Bandits: Phoenix Rising
I've been over vehicular-combat games for a while now. Sure, Twisted Metal was fun for the first 30 minutes and Vigilante 8 provided limited thrills, but I got bored with them as quick as it took to load them up. Maybe I just have a poor attention span, but the aforementioned titles failed to completely captivate me like most action games do. Not all is lost though, because Bandits: Phoenix Rising may very well have kindled an interest in the genre for me.
Bandits takes place in a post-apocalyptic world, largely similar to that of the cult classic Mad Max. Driving around in dune buggies armed with a variety of weapons and destroying anything that crosses your path is the call for order. Games like these are notorious for redundant gameplay and unfortunately, Bandits isn't the exception to the rule. Mission objectives are varied, but when it comes down to it, there's only one thing you really do: blow stuff up. By no means is this bad, because sometimes, mindless action can be just as fun as intelligent action, which is a saving grace for Bandits since it's exceptionally mindless when concerned with battle tactics. Fights usually boil down to circling or jousting each other until something blows up'not exactly what you can call refined action. But what Bandits lacks in depth, it makes up with style and substance. The dialogue is humorous and witty, and the story, while a bit unoriginal, keeps things interesting. On top of that, the game is plenty long and hard, posing a definite challenge even on the easiest difficulty level. Online, however, the multiplayer mode is barely adequate since there are only two deathmatch modes available. It's fun, but it could've been a whole lot better.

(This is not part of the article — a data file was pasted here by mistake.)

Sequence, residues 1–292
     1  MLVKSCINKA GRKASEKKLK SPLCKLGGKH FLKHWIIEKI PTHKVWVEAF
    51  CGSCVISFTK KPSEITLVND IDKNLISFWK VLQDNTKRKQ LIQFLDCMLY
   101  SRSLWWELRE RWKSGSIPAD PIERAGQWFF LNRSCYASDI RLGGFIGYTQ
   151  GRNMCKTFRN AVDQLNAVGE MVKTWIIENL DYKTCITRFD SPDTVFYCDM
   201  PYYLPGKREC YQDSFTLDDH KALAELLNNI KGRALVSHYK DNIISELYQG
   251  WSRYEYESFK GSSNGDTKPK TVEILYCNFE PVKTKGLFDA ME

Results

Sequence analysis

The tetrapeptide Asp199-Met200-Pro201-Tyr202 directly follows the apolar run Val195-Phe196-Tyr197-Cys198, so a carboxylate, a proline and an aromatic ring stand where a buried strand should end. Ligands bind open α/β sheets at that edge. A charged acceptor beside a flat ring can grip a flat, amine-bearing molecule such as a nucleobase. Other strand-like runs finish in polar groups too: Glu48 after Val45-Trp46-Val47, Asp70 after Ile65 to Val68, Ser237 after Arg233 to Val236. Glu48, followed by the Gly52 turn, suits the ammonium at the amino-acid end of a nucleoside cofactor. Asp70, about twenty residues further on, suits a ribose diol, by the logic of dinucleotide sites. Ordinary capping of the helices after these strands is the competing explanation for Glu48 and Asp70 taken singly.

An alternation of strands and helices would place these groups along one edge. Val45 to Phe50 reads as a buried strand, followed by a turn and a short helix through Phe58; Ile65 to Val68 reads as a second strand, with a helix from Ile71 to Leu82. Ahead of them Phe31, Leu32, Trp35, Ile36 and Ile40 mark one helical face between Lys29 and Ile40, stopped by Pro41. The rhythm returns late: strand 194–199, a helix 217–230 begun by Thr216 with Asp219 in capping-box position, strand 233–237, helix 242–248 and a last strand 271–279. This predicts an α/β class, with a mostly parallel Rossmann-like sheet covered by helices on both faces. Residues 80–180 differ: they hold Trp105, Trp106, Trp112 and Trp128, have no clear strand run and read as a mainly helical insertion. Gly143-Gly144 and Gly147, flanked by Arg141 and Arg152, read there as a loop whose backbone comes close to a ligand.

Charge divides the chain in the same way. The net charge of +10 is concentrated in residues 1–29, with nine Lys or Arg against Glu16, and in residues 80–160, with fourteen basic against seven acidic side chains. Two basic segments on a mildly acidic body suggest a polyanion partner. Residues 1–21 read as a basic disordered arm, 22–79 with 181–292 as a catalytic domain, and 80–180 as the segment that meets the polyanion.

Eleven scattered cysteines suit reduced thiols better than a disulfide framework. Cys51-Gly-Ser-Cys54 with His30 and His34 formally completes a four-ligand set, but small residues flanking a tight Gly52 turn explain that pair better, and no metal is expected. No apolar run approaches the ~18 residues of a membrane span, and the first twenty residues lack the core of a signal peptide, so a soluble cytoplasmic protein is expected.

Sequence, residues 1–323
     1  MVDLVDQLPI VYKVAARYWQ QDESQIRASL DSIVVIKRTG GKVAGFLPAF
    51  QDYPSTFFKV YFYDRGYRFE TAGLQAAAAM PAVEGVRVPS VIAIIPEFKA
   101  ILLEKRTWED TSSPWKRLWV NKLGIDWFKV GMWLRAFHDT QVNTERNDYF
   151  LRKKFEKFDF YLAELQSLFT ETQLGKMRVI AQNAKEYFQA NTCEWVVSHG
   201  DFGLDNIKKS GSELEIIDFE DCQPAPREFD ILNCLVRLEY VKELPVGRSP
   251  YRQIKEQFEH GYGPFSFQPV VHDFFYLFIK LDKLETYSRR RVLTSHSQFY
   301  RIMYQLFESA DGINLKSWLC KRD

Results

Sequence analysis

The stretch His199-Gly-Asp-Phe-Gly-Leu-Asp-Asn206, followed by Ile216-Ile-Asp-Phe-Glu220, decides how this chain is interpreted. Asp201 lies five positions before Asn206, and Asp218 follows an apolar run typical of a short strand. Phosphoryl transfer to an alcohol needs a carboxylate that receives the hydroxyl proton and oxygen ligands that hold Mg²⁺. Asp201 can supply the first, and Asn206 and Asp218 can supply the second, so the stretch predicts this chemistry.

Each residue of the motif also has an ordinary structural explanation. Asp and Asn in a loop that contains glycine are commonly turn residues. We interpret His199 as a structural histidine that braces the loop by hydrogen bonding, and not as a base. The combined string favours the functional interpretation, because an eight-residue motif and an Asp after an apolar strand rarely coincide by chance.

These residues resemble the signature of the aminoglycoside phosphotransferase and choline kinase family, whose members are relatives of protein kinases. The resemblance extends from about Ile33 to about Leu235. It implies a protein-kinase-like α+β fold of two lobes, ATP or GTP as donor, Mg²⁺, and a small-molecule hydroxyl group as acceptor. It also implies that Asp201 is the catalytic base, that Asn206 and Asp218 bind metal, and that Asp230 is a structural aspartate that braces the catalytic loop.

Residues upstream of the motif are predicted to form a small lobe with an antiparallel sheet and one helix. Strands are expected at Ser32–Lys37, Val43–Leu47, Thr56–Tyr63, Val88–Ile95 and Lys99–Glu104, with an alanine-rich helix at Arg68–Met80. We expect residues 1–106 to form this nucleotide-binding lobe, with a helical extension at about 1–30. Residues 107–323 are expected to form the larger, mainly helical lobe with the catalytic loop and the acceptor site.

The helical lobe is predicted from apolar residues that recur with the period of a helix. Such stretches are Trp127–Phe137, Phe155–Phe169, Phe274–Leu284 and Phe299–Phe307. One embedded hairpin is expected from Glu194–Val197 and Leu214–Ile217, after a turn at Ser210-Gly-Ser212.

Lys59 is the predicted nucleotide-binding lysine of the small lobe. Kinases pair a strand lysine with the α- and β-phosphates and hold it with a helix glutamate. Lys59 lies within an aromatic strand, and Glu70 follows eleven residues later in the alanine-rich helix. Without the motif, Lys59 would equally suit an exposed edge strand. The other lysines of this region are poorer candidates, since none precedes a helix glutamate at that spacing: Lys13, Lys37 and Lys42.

Technically, Bandits has all the right stuff. Hosting ample framerates and detailed vehicles, most everything looks great. Unfortunately, things can look boring despite all of its exceptional qualities. We're dealing with wastelands here so don't come expecting sprawling cities, but rather desolate and repetitive landscapes. Granted, the barren landscapes do look nice with detailed textures, but the lack of variety can grow tiresome as time wears. Some of the later missions break the mold, however, with detailed objects littered throughout.
'2.5+ hours of original music,'? is a lofty claim that graces the back of the Bandits: Phoenix Rising box. It lives up to the claim, but when the original music is monotonous metal and techno, it all sounds the same to me. Nothing outstanding, but nothing too obtrusive either. The voice acting is superb since there's a humorous overtone to it all that makes it interesting to listen to. Sound effects are standard fare with all the bells and whistles' well, booms and bangs actually.
Taken at face value, Bandits: Phoenix Rising has a lot to offer if you're not looking for anything particularly sophisticated. There's nothing new or innovative here to help revitalize this stale genre, but if you like your action fast and furious (and a bit mindless), then look no further.